|Publication number||US4500135 A|
|Application number||US 06/486,704|
|Publication date||Feb 19, 1985|
|Filing date||Apr 20, 1983|
|Priority date||Apr 20, 1983|
|Publication number||06486704, 486704, US 4500135 A, US 4500135A, US-A-4500135, US4500135 A, US4500135A|
|Original Assignee||Kim-Kee Enterprises|
|Export Citation||BiBTeX, EndNote, RefMan|
|Patent Citations (4), Referenced by (40), Classifications (9), Legal Events (7)|
|External Links: USPTO, USPTO Assignment, Espacenet|
1. Field of the Invention
The present invention relates to the field of baby car seats.
2. Prior Art
In recent years, various aspects of automotive design have been dictated and/or changed for purposes of inherent safety in the automotive design. In particular, it has been recognized that the survivability and more preferably the survivability without serious injury of particular types of crashes can depend very strongly on various aspects of the automobile design, such as padded dashboards, seat belts, shoulder straps, head supports, collapsible steering columns, etc. For the same reason, the design of baby car seats has also attracted considerable attention, as babies are particularly susceptible to serious or fatal injury, even in accidents which adults would readily survive without difficulty.
Obviously if a baby is unrestrained in the event of a crash from the front or side, the baby's body will freely move until it strikes the dashboard or door region, usually at such a low elevation that switches, door handles and the like provide a serious threat to the baby's safety. Also, of course, the baby's body position will be quite random so that spinal or other injuries may be incurred even if the baby strikes a relatively smooth or padded region. Consequently, it is very highly desirable to have some form of baby car seat to provide the desired emergency restraint.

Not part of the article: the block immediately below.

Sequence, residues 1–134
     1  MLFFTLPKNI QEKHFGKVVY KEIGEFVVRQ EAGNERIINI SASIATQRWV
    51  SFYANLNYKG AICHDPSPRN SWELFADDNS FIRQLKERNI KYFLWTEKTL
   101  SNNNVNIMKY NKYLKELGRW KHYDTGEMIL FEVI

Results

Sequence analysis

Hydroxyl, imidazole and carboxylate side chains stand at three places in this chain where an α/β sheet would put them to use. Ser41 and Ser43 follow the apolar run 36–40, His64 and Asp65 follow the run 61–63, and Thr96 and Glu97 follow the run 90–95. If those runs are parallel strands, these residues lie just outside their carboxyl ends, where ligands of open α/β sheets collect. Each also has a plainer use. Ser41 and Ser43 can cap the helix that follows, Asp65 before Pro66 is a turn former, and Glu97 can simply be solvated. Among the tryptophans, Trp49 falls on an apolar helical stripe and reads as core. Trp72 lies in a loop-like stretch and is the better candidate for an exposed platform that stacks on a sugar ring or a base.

Various types of baby car seats which are retained by the use of seat belts are known in the prior art. Such car seats may take any of various forms, though usually include some form of rigid structure for the purpose. In some instances, the seat belt is used to retain the car seat, with the car seat in turn hopefully retaining the baby, while in other instances the seat belt is disposed directly to restrain the baby in the event of a crash. In either instance, there is a meaningful possibility that the baby will not be restrained as desired, or that the baby will be injured by the seat belt or other restraining device. By way of example, a seat belt directly restraining a baby may be too high, too low or too loose at the moment of impact, allowing the baby's body to slip out of the seat belt, or alternatively, to engage the baby's body at an inopportune location to cause internal injury thereto. Obviously, if only the car seat is retained by the seat belt, the ultimate protection and restraint of the baby is even more suspect.